Accordingly, we remand the case to the Assistant Commissioner for the Division of Mental Health Services for reconsideration in conformity with this opinion. We retain jurisdiction. The remand shall be completed no later than December 4, 2009.
William's complaint asserts that Michael's co-guardian, their mother, Marion Fallon, is in agreement with the proposed administration of amisulpride together with clozapine. Although not expressly stated, we presume she would join in this waiver of liability.
We are advised that the position of Director of the Division of Mental Health Services has been abolished and the responsibilities formerly performed by the Director are now performed by an Assistant Commissioner.
The authorization for this exception is provided by 21 U.S.C.A. 384(j)(1)(B), which states:
Congress declares that in the enforcement against individuals of the prohibition of importation of prescription drugs and devices, the Secretary should
. . . .
(B) exercise discretion to permit individuals to make such importations in circumstances which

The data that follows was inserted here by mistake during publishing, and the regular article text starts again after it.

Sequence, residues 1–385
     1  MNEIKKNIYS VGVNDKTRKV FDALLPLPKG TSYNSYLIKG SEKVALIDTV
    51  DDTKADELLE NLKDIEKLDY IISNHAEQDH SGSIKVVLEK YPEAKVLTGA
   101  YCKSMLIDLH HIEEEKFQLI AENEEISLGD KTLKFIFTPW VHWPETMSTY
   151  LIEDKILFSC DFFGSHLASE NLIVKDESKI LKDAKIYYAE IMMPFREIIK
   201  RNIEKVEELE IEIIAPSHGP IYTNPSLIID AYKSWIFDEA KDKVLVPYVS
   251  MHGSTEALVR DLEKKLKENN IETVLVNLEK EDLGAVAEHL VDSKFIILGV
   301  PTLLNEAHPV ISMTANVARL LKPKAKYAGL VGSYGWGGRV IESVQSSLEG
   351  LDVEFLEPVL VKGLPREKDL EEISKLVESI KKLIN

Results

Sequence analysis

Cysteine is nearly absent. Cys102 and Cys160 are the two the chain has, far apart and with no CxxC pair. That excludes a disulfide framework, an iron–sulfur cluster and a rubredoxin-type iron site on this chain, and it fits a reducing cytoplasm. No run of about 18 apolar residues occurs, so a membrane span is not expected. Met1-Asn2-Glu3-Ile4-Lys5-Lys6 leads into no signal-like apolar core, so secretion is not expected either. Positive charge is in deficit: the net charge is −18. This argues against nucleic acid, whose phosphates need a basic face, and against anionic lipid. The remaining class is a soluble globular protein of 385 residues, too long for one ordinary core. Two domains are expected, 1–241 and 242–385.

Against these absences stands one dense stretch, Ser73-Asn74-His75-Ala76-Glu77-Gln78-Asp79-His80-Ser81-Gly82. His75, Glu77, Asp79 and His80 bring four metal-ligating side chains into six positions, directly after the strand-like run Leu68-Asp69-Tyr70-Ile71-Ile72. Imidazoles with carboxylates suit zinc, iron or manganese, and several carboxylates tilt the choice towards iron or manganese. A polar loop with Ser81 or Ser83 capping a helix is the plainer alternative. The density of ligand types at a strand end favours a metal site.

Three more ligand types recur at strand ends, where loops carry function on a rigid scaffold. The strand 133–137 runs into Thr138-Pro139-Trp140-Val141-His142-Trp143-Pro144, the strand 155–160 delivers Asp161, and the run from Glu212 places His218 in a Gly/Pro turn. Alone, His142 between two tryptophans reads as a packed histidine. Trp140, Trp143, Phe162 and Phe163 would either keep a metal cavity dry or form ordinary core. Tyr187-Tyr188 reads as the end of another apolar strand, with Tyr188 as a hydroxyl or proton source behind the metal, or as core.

(i) the importation is clearly
for personal use; and
(ii) the prescription drug
or device imported does not ap-
pear to present an unreasonable
risk to the individual.
In addition, 21 U.S.C.A. 384(j)(2) provides:
(A) In general
The Secretary may grant to individuals, by regulation or on a case-by-case basis, a waiver of the prohibition of importation of a prescription drug or device or class of prescription drugs or devices, under such conditions as the Secretary determines to be appropriate.
(B) Guidance on case-by-case waivers
The Secretary shall publish, and update as necessary, guidance that accurately describes circumstances in which the Secretary will consistently grant waivers on a case-by-case basis under subparagraph (A), so that individuals may know with the greatest practicable degree of certainty whether a particular importation for personal use will be permitted.
(end of footnote)
The suggestion in the Deputy Attorney General's letter that the FDA should be asked to approve the administration of amisulpride to Michael is clearly unreasonable. The determination whether the administration of this drug to Michael would be appropriate would require a review of his past course of treatment, such as was performed by Dr. Nathan, which the FDA could not be expected to undertake. Therefore, any inquiry to the FDA should be limited to the appropriateness of importation of amisulpride under the personal use exception.
October 1, 2009